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JoeVanCleave
07-17-2006, 03:17 PM
This image is intended as a test of a Rodenstock 105mm, f/4.5 Omegon enlarging lens, for use in a future homebuilt box camera. I used my Speed Graphic as a test platform, with a homemade lens board for the enlarging lens, fashioned from thin model aircraft plywood, and lined on the inside with black adhesive craft felt.

I also intend to use paper negatives, my usual recipe: Arista's grade 2 paper, preflashed for 5 seconds.

This image was taken in my front courtyard, under brilliant morning sun. 2 second exposure onto Arista grade 2, preflashed 5 seconds, using lens cap on the enlarging lens as a shutter. I open the lens aperture to f/4.5 for focussing and composition, then stop down all the way to f/22 for the exposure. My meter indicates 1/2 second, with an assumed EI of 6, but I can only consistently time a lens cap style shutter for 2 seconds or longer.

I've also included a second image, detail in the upper left corner of a flower bud. Not a great composition, but this lens, with paper negatives, shows promise. Attached files http://f295.f295.org/uploads/flowerpot001a_9772.jpg (http://f295.f295.org/uploads/flowerpot001a_9772.jpg)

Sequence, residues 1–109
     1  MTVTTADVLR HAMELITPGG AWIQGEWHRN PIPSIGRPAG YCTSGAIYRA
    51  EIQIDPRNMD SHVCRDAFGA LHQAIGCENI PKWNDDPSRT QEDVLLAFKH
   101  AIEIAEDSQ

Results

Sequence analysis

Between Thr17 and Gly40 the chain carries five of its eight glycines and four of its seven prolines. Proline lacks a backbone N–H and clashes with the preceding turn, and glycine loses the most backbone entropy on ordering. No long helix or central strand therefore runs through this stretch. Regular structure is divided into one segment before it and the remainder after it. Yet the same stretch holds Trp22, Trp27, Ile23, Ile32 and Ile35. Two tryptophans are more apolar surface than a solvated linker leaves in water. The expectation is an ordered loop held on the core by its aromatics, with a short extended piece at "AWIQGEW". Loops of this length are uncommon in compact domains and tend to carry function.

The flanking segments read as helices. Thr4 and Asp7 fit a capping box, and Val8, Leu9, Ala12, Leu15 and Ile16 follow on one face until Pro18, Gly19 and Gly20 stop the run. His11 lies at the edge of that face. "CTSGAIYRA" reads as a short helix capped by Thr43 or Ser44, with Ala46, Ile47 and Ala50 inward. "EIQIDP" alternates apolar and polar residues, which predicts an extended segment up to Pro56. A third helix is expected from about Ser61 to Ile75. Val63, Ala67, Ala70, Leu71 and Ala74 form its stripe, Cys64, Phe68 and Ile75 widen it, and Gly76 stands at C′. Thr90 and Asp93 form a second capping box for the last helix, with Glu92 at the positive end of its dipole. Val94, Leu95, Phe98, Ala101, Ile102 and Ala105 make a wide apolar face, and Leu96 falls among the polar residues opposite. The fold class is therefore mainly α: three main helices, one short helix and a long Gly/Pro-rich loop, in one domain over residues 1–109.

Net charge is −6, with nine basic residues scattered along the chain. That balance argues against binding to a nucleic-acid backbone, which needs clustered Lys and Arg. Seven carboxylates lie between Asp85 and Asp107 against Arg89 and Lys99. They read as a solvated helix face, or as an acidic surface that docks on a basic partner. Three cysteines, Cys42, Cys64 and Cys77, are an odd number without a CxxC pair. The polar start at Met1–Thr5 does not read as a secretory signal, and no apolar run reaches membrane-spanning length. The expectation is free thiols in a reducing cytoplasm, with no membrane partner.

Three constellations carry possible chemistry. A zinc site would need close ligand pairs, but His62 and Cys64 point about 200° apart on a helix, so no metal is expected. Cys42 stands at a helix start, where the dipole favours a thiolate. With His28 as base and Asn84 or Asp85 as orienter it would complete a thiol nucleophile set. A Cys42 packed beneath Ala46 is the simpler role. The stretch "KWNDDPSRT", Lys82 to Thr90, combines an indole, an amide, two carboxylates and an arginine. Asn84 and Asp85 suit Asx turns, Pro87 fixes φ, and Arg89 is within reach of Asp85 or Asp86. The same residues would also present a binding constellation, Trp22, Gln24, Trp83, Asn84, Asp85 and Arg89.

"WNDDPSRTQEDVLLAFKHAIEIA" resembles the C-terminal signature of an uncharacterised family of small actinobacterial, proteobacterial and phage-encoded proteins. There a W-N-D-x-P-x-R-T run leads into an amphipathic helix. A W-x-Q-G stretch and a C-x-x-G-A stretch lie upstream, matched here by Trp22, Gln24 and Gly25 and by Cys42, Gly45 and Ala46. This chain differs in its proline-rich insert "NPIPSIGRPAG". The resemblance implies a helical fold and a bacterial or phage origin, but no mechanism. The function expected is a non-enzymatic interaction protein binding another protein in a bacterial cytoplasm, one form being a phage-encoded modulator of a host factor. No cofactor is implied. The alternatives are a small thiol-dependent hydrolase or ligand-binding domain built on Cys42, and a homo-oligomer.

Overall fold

JoeVanCleave
07-17-2006, 03:19 PM
Here's the detail in the flower bud, upper left corner. You can see fibers or "hairs" on the stem. If I'd scanned this higher than 600dpi there would be more detail on this enlarged crop.

Both images are inverted scans from the paper negatives, no additional adjustments made. Attached files http://f295.f295.org/uploads/flowerpot001b_1255.jpg (http://f295.f295.org/uploads/flowerpot001b_1255.jpg)

retroshooter
07-17-2006, 03:31 PM
It is nice to see someone else shooting paper negatives with glass. I spent the morning working on tryin to raize the iso of paper. Alas the development time is so long that it is counter productive.

I like the pictures very much/

JoeVanCleave
07-17-2006, 03:31 PM
And here's a crop from the leaf at lower center. You can see I almost overexposed the highlights, but there's still some detail visible.

You can also see "hairs" on the plant stem (I know there's some fancy botanical term for these), as well as dust and debris on the leaf. Attached files http://f295.f295.org/uploads/flowerpot001c_8731.jpg (http://f295.f295.org/uploads/flowerpot001c_8731.jpg)

stormy
07-18-2006, 04:23 PM
Astounding detail on these Joe!